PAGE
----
“…a fine collection of essays illuminating situation uses of narratives, images and tropes that are not contemplated as ‘explanations’ but as cultural resources mobilized to impart meaning and order when facing concrete circumstances…a great variety of excellent analyses going beyond the disciplinary boundaries of anthropology…this book is a welcome contribution and the project I belongs to offers one of the most important shifts in European anthropology in the coming decade.” · Social Anthropology/Anthropologie sociale
Inspired by the Rhetoric Culture Project, this volume focuses on the use of imagery, narrative, and cultural schemes to deal with predicaments that arise during the course of life. The contributors explore how people muster their resources to understand and deal with emergencies such as illness, displacement, or genocide. In dealing with such circumstances, people can develop new rhetorical forms and, in the process, establish new cultural resources for succeeding generations. Several of the contributions show how rhetorical cultural forms can themselves create emergencies. The contributors bring expertise from a variety of disciplines, including anthropology and communications studies, underlining the volume’s wider relevance as a reflection on the human condition.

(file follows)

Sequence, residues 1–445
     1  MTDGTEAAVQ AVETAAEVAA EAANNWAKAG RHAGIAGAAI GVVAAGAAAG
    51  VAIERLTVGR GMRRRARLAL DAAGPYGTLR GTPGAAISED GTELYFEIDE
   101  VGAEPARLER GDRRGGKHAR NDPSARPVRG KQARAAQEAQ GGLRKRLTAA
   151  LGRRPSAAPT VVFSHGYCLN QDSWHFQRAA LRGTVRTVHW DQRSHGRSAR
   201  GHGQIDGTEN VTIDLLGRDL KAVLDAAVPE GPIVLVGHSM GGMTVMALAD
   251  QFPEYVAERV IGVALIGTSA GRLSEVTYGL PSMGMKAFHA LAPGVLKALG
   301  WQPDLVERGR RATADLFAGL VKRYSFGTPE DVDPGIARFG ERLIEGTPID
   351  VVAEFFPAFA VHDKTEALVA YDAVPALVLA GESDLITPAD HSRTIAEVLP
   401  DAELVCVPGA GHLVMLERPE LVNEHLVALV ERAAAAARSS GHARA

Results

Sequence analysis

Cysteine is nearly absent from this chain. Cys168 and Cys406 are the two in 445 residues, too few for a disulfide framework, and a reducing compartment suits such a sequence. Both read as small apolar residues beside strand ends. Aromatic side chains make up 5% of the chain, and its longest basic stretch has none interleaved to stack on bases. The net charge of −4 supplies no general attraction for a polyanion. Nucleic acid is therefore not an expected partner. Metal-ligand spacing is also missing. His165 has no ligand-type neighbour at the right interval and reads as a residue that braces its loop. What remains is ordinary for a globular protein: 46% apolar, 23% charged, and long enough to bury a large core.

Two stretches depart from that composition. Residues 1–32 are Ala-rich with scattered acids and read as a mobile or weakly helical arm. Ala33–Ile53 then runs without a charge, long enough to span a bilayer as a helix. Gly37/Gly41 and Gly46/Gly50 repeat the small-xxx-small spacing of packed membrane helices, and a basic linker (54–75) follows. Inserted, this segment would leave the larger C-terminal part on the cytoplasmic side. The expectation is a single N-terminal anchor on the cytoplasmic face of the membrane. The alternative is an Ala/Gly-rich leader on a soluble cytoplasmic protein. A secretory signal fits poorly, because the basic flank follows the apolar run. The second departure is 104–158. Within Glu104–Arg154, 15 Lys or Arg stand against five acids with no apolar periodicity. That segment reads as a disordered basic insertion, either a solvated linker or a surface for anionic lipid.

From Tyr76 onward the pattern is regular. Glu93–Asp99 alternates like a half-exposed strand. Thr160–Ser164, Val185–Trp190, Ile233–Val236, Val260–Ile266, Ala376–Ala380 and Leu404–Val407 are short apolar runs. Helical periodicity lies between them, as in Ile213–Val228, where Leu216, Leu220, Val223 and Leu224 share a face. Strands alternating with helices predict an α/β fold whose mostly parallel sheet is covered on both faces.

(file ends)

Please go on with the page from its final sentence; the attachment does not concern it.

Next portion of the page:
Michael Carrithers is Professor of Anthropology at Durham University. He is author of a biography of the Buddha and of Why Humans Have Cultures (Oxford University Press, 1992). He has also written about Buddhist forest monks and of Jainism in India. At present he is researching rhetoric and public culture in East Germany.
Internal rhetoric is my term for the way that we persuade ourselves – talking ourselves into (or out of) things, arguing with ourselves, berating ourselves. It is taken for granted in common parlance, but little studied in academia. Such self-talk is rhetorical insofar as it affects our actions, attitudes or beliefs, consciously or unconsciously. I thus coin the term 'internal rhetoric' as a deliberate 'terministic screen'1: to call attention to the persuasive or rhetorical nature of much of our thought.
In this chapter I want to make two points. The first concerns an episode in contemporary German history when a new item of rhetoric appeared, and with it a new and, in a global perspective, unusual understanding of nationalist history. The term is Vergangenheitsbewältigung, 'overcoming the past', which came to be used routinely as a way of considering the Nazi period, with its aggressive war and genocide. My second point concerns the nature of this rhetoric, but also of rhetoric as such. My argument here is that narrative is no less pervasive and important a feature of persuasive culture. It is not that narrative competes with metaphor, but rather that the two can work together to forge a compelling construal of people and events.
Testimony is when survivors of traumas tell their story. This text considers several literary models for approaching how survivors of historical traumas may give their testimonies. Reading W.G. Sebald and rethinking his notion of the diff use illuminates what historical traumas ask of the individual survivor giving testimony and of all those who seek to respond to survivors' traumas with a narrative. Applying Mikhail Bakhtin's theory of the dialogic narrative could assist survivors and those working with them in producing testimonies that engage the diff use through better embodying the polyphonic, dialogic, unfinalizable nature of historical traumas.